Two human challenge studies on a new malaria drug have yielded promising data about safety and dosage.
The vaccine uses whole, live weakened early versions of the most common form of malaria.
The vaccine is being developed on behalf of the US Department of Defense as part of its countermeasure portfolio against bioterrorism agents.
This month, South Korea needed emergency vaccine imports after outbreaks of the disease.
Researchers showed that a new reactive vaccination strategy for foot-and-mouth disease outbreaks can achieve significant cost savings by identifying vaccination capacity.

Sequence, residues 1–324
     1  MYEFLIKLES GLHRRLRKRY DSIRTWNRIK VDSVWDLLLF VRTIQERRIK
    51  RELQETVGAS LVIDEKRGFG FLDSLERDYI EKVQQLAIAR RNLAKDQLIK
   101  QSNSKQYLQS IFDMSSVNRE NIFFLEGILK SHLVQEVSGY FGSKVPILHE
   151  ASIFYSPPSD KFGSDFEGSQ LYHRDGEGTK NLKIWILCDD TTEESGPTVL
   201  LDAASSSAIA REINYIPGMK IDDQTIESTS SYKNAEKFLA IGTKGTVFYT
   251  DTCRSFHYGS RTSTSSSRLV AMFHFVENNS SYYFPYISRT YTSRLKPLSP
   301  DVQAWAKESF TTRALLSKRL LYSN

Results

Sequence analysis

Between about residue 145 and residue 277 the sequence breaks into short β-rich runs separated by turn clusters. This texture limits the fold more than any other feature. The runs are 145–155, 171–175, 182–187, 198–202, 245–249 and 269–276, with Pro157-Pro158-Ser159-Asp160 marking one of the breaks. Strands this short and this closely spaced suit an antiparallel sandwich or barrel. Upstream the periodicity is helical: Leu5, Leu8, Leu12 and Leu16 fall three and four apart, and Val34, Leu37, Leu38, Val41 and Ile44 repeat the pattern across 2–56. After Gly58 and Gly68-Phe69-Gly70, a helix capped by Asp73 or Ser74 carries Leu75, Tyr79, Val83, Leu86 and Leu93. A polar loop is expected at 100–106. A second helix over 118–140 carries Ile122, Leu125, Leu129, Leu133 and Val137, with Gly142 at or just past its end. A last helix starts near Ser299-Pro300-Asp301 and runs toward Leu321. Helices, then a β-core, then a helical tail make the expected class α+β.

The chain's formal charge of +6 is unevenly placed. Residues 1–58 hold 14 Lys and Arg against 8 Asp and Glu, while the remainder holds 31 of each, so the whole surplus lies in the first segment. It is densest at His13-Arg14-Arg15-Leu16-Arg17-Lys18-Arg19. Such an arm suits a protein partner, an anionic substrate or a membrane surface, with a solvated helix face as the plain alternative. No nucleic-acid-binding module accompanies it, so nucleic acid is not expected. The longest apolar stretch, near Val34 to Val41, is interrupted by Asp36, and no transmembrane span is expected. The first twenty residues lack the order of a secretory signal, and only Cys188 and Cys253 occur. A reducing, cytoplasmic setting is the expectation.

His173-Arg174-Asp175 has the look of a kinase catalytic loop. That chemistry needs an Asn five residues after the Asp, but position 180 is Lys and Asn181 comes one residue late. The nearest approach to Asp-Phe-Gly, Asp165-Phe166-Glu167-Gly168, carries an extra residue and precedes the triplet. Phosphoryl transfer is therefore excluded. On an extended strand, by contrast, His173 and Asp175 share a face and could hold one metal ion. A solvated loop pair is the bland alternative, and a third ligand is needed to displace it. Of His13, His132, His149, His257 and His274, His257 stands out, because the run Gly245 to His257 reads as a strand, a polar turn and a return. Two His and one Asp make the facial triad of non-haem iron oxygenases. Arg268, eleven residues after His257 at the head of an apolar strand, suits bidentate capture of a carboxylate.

In a clinical trial, researchers demonstrated that a new vaccine for malaria was up to 100 percent effective at 10 weeks after the last dose of vaccine.
The research could be used to inform decisions on how malaria vaccines are deployed or modified.
A new study reveals an antidote that worked in mice days after exposure.
Cattle farms in Jeongeup, North Jeolla Province, and Boeun County, North Chungcheong Province, where foot-and-mouth disease infections have been found have antibody formation rates of five and 19 percent despite mandatory vaccination.
A drug used to treat malaria patients in the United Kingdom has failed for the first time.